The subprime mortgage debacle has been beaten to death. Everyone and their mom should already have a good handle on what’s been going on. (For you Rip Van Winkle’s out there, check out “Foreclosure Bloodbath,” “Where’s that money, you silly stupid old fool?,” “CDOs: Credit Detonation Obfuscators,” “Grant’s Interest Rate Observations,” and, “Subprime Spoliation.”) There is some evidence, however, that the mortgage trouble is spreading to higher quality loans and the national media hasn’t quite caught on yet.
It has been my belief all along that the problems in subprime aren’t totally due to their credit quality. Lenders have been compensating for credit quality for many, many years with higher interest rates and an array of other precautions. No it’s the types of loans lenders have developed in recent years that are causing the problems. We’re just seeing it in subprime now because it is canary in the coal mine, so to speak.
The real estate bubble led many lenders to let their guard down, in terms of loan products. With permanently rising prices, it seemed, why would anyone default? If they fall behind on their payments they can just sell out at a profit and everyone will be fat and happy. With this mindset, the banks, competing for market share delved into the world of exotic financing giving anyone and everyone all the money they could ever ask for nearly for free (I’m sure those negam loans seemed like free money for flippers at the time). This is old news.
What is new news is it wasn’t just the Subprime guys taking out these loans; there were a hell of a lot of Alt-A and Prime borrowers using these loans, too, and they are now running into the same problems the guys in subprime currently face.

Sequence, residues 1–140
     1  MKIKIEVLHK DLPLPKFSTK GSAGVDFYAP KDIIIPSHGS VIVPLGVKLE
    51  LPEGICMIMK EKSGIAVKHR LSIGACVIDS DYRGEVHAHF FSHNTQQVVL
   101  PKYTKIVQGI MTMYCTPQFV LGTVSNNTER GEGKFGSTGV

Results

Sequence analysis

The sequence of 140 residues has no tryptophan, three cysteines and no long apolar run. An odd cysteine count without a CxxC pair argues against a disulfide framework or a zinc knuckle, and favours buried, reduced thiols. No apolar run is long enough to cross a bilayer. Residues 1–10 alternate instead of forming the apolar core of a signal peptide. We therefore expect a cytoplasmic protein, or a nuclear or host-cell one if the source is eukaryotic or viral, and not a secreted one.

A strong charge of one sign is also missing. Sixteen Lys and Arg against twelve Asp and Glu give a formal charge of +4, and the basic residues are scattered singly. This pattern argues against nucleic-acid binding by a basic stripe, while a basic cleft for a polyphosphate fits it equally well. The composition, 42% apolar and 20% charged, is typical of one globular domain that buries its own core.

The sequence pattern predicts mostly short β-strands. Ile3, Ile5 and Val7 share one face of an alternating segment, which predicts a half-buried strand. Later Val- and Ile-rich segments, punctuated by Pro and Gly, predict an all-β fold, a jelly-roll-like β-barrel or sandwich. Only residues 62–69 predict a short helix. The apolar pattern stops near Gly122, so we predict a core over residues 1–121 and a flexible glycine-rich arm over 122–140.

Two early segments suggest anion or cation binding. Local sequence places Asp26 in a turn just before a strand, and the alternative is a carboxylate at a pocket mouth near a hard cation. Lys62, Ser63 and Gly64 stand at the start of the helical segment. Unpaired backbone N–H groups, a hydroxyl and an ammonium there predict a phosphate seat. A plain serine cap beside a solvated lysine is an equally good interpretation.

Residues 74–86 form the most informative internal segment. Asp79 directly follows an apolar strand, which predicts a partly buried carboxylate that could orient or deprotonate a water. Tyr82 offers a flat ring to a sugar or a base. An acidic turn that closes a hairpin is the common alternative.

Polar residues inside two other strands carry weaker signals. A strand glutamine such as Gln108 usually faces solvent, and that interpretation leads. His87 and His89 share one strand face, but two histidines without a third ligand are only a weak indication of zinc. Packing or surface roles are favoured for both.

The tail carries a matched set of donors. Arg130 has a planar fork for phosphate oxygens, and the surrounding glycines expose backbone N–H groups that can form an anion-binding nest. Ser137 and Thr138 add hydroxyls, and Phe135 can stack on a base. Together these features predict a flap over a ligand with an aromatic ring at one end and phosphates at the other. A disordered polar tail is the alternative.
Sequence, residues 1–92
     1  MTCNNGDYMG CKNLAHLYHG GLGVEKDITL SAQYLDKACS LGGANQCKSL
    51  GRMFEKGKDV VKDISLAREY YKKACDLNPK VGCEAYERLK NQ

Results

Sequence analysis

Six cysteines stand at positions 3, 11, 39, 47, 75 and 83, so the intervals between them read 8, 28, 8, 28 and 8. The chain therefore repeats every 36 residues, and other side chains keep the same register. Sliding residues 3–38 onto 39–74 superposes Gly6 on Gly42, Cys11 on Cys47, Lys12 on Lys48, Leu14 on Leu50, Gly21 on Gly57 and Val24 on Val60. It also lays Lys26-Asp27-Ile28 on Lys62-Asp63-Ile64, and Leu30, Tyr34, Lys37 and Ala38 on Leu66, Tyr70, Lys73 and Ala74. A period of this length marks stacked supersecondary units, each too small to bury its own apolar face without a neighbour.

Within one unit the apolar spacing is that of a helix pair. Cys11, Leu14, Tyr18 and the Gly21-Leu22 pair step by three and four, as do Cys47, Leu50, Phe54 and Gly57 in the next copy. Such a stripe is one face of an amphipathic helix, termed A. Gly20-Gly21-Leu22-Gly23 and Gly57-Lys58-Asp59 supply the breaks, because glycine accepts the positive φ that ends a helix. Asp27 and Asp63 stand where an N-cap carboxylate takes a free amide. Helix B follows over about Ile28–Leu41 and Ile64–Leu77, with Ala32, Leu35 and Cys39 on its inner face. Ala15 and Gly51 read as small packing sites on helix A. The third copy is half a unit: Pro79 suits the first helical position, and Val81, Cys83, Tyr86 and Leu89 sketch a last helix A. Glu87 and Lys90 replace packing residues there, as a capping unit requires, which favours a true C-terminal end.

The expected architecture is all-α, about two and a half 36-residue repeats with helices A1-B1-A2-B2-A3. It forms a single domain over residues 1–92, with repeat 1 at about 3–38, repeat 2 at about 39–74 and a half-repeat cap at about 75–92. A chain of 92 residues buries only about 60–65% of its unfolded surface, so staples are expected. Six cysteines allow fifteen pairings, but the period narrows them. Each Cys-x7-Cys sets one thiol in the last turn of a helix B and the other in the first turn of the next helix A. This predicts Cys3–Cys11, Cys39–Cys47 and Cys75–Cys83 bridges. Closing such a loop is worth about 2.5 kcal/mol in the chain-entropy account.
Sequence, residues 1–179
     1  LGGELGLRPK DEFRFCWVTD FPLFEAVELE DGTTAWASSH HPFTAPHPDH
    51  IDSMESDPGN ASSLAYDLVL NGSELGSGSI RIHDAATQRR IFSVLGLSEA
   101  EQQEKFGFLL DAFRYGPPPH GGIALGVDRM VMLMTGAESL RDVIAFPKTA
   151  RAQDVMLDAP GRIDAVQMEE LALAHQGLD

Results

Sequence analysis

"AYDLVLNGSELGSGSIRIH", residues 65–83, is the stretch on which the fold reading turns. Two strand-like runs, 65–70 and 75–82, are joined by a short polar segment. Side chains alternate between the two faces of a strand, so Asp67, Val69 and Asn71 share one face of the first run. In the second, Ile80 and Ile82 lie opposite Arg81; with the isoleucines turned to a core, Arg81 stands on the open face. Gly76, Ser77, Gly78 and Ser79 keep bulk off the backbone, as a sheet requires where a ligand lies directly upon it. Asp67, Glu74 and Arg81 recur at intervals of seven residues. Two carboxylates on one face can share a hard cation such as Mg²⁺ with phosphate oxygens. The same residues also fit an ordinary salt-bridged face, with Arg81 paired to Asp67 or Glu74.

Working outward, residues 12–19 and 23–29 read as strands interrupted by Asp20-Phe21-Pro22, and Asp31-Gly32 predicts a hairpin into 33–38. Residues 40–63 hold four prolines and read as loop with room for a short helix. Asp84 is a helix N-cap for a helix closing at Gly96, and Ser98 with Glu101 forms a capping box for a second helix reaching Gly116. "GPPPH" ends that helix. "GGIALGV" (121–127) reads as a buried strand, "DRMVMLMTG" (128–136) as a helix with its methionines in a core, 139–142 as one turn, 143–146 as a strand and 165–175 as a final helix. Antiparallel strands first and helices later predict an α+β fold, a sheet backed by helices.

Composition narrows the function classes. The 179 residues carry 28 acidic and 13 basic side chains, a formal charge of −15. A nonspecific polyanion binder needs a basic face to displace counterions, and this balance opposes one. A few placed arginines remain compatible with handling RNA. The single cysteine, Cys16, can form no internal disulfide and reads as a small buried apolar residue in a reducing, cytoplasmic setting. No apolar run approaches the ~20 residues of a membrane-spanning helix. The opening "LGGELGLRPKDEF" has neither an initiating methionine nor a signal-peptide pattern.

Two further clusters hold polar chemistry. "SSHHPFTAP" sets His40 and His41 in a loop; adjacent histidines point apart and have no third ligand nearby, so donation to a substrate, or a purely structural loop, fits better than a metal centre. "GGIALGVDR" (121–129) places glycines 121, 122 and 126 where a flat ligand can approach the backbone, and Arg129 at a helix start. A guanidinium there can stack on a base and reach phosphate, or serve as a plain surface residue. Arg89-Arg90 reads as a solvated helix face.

A Bloomberg article yesterday, with the headline, “U.S. Foreclosure Filings Rise 12 Percent in February,” hinted at some of these developing problems. The article quotes a report written last week by Goldman Sachs analyst, Jan Hatzius: “The rise in foreclosures over the past year probably only marks the beginning of the problem… The main reason to expect further deterioration is that house prices are likely to fall significantly in 2007, with further declines possible in subsequent years.”
Schahrzad Berkland, publisher of the California Housing Forecast in San Diego, gets closer to the heart of the matter saying, “People who bought homes in the 1980s and 1990s started refinancing their equity out in the 2000s, so we can’t assume that foreclosures will only affect people who bought their homes in the last couple of years… And a lot of adjustable-rate mortgages were taken out by prime borrowers, so we can’t assume that the more qualified borrowers will be immune to losing their homes.”
But to get the scoop on what’s really going on in Alt-A and Prime you need to ask an insider. Fleck’s contacts have been all over the mortgage meltdown and he relays the latest from a “knowledgeable contact” in yesterday’s rap: “Facts are, subprime loan bulks are fetching a max of 70 cents on the dollar. Two middle-market mortgage banking firms we work with went to bid with $100 mil of Alt-A product they typically get 108-110 for, and the bids came back at 68 and 50, respectively. These are Alt-A loans, much of them option-arm. Not even subprime! The industry is worsening every day.”
It is these option-arms that are the real problem. The markets know this and, according to this insider, are pricing these loans worse than junk. They are a financial avalanche. Just give them some time and they’ll bury you in debt (as they negatively amortize). The sad truth is that there are loads of buried borrowers out there. The subprime guys are just the tip of the iceburg.